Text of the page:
Man proposes but God disposes
The quotation Man proposes but God disposes may come down to us
as a direct translation from a work of devotion written in Latin by Thomas a Kempis.
This work, his celebrated
'Of the Imitation of Christ',
is the second most widely read Christian text after the Bible itself.
It contains many sensitively and wisely expressed insights into spirituality and morals.
In Chapter 19 of Book 1 we find :-
"For the resolutions of the just depend rather on the grace of God than on their own wisdom;
and in Him they always put their trust, whatever they take in hand.
For man proposes, but God disposes;
neither is the way of man in his own hands".
The exact Latin phrase translating as man proposes, but God disposes; being Homo proponit, sed Deus disponit;
Many of the numerous insights contained in the Of the Imitation of Christ are very well
phrased and judiciously
expressed restatements of insights that themselves originate in the Bible.
In relation to this insight that man proposes but God disposes there are several originals
in the Bible to chose from:-
Thus in the Book of Proverbs, attributed to Solomon the Wise, we read:-
A man's heart
deviseth his way: but the Lord directeth his steps. Proverbs 16:9
and again in Proverbs 19:21:-
"There are many devices in a man's heart; nevertheless the counsel of the Lord,
that shall stand."
With these verses we may also compare Jeremiah 10:23:-
O Lord, I
know, that the way of a man is not in himself; it is not in man that walketh to
direct his steps.
Shakespeare, too, has something to say on this:- "There is a divinity that shapes our ends, rough-hew them how we will."
Ralph Waldo Emerson
RALPH WALDO EMERSON (1803-1882) was, in his time, the leading voice of intellectual culture in the United States. He remains widely influential
to this day through his essays, lectures, poems, and philosophical writings.
In the later eighteen-twenties Ralph Waldo Emerson read, and was very significantly influenced by, a work by a French philosopher named Victor Cousin.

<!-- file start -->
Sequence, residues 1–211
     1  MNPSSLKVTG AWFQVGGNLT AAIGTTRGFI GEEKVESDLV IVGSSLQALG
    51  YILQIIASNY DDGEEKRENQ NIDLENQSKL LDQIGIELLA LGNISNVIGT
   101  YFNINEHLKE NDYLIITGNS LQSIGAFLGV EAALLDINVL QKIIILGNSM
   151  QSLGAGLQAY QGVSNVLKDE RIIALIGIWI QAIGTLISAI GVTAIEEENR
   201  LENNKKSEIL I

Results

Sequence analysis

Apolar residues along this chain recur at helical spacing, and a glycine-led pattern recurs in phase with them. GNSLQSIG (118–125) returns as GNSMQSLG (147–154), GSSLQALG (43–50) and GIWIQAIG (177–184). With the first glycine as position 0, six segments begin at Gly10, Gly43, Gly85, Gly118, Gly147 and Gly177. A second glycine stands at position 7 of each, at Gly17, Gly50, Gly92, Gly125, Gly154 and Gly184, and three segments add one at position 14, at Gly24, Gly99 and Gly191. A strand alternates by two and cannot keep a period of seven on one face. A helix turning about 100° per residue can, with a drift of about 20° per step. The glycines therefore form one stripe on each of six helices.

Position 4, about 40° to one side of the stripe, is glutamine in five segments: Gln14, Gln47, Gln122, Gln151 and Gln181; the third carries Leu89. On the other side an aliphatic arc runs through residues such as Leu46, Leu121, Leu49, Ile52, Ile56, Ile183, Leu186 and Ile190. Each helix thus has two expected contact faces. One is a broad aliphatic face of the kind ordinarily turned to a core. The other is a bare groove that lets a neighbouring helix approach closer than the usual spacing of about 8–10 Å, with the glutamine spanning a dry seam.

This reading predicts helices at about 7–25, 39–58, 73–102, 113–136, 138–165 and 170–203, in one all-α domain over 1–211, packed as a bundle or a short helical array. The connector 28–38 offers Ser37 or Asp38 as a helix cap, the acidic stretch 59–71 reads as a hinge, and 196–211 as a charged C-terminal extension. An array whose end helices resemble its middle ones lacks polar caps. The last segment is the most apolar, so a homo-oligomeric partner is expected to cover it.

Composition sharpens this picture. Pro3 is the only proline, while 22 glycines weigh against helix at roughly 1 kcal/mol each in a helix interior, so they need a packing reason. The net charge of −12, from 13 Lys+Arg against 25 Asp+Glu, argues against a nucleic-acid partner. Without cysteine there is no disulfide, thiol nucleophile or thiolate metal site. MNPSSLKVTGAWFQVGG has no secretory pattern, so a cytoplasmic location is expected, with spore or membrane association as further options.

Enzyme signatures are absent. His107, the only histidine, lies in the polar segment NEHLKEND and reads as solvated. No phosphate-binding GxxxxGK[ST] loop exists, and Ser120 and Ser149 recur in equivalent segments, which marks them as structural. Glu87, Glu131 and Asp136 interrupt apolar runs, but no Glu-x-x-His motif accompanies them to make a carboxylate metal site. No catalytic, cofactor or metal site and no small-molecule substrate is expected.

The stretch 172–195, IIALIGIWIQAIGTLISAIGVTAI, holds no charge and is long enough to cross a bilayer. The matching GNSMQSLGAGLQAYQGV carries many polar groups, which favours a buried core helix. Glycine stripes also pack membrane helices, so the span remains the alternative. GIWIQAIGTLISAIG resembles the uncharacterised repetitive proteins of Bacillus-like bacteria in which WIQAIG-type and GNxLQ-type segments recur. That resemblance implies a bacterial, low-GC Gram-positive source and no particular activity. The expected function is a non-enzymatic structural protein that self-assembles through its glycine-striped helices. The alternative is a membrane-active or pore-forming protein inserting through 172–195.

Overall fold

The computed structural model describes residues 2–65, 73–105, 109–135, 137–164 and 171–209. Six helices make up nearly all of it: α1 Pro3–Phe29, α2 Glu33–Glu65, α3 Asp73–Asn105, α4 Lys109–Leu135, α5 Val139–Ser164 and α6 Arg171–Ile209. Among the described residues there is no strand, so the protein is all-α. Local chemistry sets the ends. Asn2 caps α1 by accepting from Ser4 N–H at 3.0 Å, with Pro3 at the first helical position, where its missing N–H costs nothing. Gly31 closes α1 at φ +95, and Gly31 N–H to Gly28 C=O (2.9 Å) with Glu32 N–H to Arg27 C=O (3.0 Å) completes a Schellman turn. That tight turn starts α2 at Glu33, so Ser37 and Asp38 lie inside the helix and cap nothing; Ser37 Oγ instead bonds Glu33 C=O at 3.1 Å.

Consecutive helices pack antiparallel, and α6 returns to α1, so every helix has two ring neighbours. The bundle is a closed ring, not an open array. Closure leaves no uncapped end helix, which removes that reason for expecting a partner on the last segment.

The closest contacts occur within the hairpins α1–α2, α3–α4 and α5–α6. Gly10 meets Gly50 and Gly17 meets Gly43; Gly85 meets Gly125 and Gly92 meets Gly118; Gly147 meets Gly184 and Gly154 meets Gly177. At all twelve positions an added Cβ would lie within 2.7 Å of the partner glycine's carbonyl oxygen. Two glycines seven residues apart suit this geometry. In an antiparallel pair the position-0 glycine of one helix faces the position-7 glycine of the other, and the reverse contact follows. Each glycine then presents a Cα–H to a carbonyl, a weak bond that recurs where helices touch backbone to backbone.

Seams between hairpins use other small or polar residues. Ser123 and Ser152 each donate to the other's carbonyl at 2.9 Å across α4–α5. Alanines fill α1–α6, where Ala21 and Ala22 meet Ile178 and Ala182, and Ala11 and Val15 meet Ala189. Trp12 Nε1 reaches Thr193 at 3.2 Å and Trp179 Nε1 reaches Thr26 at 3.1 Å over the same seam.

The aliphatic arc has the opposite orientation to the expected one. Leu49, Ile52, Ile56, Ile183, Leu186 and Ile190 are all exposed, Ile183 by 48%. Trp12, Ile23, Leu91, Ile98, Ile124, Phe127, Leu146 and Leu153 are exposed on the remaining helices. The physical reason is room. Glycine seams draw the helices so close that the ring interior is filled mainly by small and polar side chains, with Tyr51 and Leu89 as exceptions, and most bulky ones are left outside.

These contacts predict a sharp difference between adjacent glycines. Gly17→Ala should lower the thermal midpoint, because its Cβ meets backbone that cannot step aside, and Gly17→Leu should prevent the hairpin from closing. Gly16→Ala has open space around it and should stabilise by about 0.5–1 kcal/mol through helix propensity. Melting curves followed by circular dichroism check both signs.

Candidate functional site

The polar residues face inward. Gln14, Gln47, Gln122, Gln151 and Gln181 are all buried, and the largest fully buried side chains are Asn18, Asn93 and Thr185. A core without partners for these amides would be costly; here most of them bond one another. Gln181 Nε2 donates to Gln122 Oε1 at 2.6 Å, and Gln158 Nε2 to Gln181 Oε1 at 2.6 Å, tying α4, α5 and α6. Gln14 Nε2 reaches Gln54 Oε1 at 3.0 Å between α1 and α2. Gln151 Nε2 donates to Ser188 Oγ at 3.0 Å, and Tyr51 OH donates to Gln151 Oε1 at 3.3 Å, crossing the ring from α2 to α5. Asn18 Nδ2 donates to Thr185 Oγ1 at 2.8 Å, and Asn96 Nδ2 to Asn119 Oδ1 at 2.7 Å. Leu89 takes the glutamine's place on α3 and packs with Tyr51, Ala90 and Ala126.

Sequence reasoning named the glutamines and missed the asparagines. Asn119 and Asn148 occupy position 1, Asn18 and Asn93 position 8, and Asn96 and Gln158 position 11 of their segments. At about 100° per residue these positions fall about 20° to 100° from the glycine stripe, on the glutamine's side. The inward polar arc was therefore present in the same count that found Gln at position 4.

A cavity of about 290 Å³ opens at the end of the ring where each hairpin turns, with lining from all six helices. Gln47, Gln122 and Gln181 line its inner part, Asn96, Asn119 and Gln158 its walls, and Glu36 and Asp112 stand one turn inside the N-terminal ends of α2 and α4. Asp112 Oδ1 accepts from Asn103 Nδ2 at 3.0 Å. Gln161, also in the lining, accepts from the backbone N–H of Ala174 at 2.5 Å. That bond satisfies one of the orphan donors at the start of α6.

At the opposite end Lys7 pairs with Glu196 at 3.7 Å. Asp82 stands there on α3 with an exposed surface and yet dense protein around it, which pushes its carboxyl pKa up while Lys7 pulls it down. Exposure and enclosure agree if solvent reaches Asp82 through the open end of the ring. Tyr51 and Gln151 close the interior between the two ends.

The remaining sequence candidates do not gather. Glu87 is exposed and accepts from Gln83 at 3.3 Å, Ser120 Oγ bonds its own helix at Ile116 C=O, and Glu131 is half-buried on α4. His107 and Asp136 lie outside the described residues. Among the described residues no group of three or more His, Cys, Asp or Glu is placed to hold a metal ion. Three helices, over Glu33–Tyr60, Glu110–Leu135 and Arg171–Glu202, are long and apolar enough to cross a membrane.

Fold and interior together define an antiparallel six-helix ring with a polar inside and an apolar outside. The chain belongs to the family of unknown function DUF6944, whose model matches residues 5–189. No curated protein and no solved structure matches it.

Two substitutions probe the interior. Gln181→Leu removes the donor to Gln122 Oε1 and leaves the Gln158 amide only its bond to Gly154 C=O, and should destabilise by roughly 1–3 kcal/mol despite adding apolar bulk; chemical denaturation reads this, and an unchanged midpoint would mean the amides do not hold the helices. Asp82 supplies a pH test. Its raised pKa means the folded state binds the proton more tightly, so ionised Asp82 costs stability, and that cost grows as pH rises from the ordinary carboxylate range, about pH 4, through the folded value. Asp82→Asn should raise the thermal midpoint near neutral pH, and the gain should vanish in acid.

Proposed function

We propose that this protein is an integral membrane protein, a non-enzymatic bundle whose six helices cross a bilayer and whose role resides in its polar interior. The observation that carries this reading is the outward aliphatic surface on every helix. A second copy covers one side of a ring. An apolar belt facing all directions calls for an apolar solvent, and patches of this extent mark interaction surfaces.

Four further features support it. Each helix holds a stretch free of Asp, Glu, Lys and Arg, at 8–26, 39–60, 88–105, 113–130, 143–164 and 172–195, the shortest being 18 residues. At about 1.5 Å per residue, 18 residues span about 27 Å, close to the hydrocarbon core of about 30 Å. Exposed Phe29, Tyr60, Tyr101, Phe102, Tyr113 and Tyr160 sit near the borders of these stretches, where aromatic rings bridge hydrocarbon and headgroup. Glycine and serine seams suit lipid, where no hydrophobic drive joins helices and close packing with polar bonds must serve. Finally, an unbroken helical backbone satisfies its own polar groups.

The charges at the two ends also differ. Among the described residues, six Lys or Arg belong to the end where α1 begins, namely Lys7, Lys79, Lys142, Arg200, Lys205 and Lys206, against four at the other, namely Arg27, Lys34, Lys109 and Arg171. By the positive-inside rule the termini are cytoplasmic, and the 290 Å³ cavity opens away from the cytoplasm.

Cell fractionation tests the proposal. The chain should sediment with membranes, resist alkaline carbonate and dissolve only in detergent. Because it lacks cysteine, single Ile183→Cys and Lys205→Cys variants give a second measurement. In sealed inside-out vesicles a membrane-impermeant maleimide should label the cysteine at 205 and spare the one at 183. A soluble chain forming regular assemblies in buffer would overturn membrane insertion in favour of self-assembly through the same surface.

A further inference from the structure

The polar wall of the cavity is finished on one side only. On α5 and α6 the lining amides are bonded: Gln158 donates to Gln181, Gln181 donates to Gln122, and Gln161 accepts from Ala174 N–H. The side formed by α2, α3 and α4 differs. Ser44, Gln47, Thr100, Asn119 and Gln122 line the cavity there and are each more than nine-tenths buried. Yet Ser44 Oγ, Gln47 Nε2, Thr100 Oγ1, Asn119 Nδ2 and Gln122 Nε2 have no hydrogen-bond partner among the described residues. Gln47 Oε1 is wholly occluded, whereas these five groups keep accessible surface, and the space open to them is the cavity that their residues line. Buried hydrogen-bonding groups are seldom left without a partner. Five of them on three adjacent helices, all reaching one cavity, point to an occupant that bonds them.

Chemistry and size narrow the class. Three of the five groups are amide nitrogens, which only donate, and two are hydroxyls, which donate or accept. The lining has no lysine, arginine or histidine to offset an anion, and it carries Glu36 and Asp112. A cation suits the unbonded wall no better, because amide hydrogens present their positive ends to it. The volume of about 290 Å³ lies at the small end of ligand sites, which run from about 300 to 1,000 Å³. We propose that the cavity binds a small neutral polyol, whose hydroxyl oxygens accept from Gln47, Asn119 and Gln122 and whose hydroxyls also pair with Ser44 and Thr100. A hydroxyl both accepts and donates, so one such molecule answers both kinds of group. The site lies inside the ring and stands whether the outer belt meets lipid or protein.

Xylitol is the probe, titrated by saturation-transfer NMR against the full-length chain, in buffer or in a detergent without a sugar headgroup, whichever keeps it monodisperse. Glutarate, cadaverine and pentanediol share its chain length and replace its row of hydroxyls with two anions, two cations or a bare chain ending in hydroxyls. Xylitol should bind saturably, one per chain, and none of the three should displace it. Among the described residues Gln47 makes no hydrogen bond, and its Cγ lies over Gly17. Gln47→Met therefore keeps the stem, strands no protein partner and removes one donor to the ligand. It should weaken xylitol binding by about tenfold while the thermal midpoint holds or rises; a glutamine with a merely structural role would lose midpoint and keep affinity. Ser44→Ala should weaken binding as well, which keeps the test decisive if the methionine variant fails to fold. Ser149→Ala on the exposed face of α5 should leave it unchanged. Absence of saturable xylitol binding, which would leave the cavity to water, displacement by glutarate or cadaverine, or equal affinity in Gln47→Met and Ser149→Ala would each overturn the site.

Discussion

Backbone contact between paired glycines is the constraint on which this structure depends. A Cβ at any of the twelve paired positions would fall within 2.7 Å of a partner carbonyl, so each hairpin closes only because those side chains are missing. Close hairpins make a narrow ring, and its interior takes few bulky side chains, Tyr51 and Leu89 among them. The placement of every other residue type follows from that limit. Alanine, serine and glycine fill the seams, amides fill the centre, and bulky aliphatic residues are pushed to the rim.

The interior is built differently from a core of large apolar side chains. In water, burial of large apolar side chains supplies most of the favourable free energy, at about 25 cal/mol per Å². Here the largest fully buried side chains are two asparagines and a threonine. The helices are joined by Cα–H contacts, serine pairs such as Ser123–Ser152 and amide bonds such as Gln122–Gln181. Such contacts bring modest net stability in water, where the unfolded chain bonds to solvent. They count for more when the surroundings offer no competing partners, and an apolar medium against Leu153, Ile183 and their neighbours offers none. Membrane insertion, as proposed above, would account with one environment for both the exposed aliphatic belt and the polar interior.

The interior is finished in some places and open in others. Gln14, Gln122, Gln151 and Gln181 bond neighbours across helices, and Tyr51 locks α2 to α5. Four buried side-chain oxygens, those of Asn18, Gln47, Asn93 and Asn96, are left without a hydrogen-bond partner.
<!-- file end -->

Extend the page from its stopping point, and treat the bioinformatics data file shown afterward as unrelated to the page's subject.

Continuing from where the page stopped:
A key section of Cousin's work reads as follows:
"What is the business of history? What is the stuff of which it is made? Who is the personage of history? Man : evidently man and human nature.
There are many different elements in history. What are they? Evidently again, the elements of human nature. History is therefore the development of humanity,
and of humanity only; for nothing else but humanity develops itself, for nothing else than humanity is free. …
… Moreover, when we have all the elements, I mean all the essential elements, their mutual relations do, as it were, discover themselves. We draw from the
nature of these different elements, if not all their possible relations, at least their general and fundamental relations."
Introduction to the History of Philosophy (1829)
Even before he had first read Cousin, (in 1829), Emerson had expressed views in his private Journals which suggest that he accepted that Human Nature, and Human Beings, tend to display three identifiable aspects and orientations:
Imagine hope to be removed from the human breast & see how Society will sink, how the strong bands of order & improvement will be relaxed & what a deathlike stillness would take the place of the restless energies that now move the world. The scholar will extinguish his midnight lamp, the merchant will furl his white sails & bid them seek the deep no more. The anxious patriot who stood out for his country to the last & devised in the last beleagured citadel, profound schemes for its deliverance and aggrandizement, will sheathe his sword and blot his fame. Remove hope, & the world becomes a blank and rottenness.
(Journal entry made between October and December, 1823)
In all districts of all lands, in all the classes of communities thousands of minds are intently occupied, the merchant in his compting house, the mechanist over his plans, the statesman at his map, his treaty, & his tariff, the scholar in the skilful history & eloquence of antiquity, each stung to the quick with the desire of exalting himself to a hasty & yet unfound height above the level of his peers. Each is absorbed in the prospect of good accruing to himself but each is no less contributing to the utmost of his ability to fix & adorn human civilization.
(Journal entry of December, 1824)
Our neighbours are occupied with employments of infinite diversity. Some are intent on commercial speculations; some engage warmly in political contention; some are found all day long at their books …
(This dates from January - February, 1828)
The quotes from Emerson are reminiscent of a line from another "leading voice of intellectual culture" - William Shakespeare.
There's neither honesty, manhood, nor good fellowship in thee.
William Shakespeare: Henry IV (Pt 1), Act I, Scene II
"The first glance at History convinces us that the actions of men proceed from their needs, their passions, their characters and talents;
and impresses us with the belief that such needs, passions and interests are the sole spring of actions."
Georg Hegel, 1770-1831, German philosopher, The Philosophy of History (1837)